by means of a yaw impulse system mounted in the nose of the model in the form
of a motor-driven Geneva cross mechanism, containing five cartridges of 10 lb.
second impulse, and firing alternately port and starboard, through a hole in
each side of the nose at intervals of 1 1/2 seconds.
On the longitudinal stability models, the elevators were actuated
by a mechanism contained completely inside the model using a hydraulic oil-air
In all, these tests were remarkably successful, the three drag models
provided the data to evaluate supersonic airframe drag and also served as a qualitative
assessment of the CF-105 dynamic stability. We had no aborted firings, even on
the crude models, and the reliability of the telemetry transmission was over
95 per cent. On one occasion, for instance, a model fired over Lake Ontario hit
the water after the test and then skipped out again over the surface, and continued
to send back information to a group of surprised technicians at " point
ACQUISION AND HANDLING
an aircraft of the complexity of the Arrow, an extremely
large number of individual readings of several hundred
parameters are necessary during a test flight, if
reliable dynamic characteristics of both aircraft
and systems are to be obtained.
With the possible data points per flight running into several million,
it is obvious that manual handling of this data would be impractical. The only
way that such a mass of data can be handled quickly is by means of an automatic
This data handling system requires that the information be presented
in an electrical form, and magnetic tape is used to store the large masses of
It was felt that " in flight " monitoring would be necessary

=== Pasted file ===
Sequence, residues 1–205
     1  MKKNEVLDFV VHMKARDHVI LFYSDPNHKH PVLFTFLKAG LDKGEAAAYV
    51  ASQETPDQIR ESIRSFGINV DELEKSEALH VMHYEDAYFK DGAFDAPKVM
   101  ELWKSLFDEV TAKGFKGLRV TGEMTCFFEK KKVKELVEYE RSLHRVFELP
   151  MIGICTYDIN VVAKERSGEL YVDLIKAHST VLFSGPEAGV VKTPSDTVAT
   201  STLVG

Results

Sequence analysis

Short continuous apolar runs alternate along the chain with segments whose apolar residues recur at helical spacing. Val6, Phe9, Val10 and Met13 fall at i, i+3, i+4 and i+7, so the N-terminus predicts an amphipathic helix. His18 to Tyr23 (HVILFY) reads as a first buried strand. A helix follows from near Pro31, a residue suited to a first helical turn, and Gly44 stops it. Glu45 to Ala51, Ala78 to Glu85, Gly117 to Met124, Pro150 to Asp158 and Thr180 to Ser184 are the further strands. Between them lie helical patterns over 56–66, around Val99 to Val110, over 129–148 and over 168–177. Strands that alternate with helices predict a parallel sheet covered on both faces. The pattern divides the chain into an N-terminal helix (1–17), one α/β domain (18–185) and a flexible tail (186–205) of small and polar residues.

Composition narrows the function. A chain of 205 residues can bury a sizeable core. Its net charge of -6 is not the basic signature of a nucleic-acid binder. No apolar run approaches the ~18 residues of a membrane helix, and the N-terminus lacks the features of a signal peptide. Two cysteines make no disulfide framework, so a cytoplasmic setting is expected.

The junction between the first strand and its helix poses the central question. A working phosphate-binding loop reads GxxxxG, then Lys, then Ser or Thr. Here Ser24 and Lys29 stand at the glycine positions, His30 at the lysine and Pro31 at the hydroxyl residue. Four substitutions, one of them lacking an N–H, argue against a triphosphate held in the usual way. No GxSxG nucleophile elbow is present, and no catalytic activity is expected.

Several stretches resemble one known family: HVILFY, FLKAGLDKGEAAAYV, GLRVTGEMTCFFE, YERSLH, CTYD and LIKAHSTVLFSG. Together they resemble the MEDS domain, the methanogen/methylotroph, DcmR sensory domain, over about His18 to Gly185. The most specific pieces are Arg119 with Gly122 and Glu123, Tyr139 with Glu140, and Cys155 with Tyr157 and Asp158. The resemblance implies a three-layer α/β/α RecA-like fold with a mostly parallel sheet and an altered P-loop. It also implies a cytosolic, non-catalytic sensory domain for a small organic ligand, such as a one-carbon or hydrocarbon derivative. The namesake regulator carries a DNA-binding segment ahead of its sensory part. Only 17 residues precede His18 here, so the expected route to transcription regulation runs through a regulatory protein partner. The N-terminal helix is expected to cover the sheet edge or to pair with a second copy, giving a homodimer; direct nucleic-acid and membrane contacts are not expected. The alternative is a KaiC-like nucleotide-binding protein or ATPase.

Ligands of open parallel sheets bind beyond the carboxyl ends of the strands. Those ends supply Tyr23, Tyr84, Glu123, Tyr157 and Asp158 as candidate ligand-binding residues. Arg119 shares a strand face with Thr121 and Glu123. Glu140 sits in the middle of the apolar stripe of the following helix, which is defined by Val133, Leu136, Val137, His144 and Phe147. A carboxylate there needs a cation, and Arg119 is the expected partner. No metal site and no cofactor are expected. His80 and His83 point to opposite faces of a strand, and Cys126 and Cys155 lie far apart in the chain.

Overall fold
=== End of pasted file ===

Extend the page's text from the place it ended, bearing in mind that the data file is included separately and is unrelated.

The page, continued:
during the Arrow flight testing to enable the maximum data to be obtained from
each flight, and to monitor against possible troubles in flight. The means of
accomplishing this was already present in the company in the form of a mobile
telemetry unit which had been initially constructed for the free flight model
The Arrow data acquisition and handling system is composed of an
airborne multi-channel recorder system, an airborne radio telemetry link, a mobile
telemetry receiving station, and a mobile data reduction unit capable of reducing
data obtained by either airborne system (Fig. 14).
FIGURE 14. Data acquisitison system.
the large armament bay required on the Arrow, in
the form of a removable self-contained unit, it has
been relatively easy to
house all of our telemetry transmitting instrumentation
and oscillographs, and so on, in the weapon pack
For visual monitoring of flight conditions a special "operations" room
was prepared, containing recording oscillographs giving instantaneous visual
records of data in analogue form during actual flight. Personnel in this room
are in radio contact with the pilot by means of the conventional radio links,
so that instructions and comments may be exchanged at any time during the flight.
15. Instrument pack.
the first series of flights, we were plagued with
a number of minor problems, mainly due to the literally
thousands of wires and connections running to the
instrument pack. A central " patch board " has
since been included to allow any circuit changes
to be made at one location.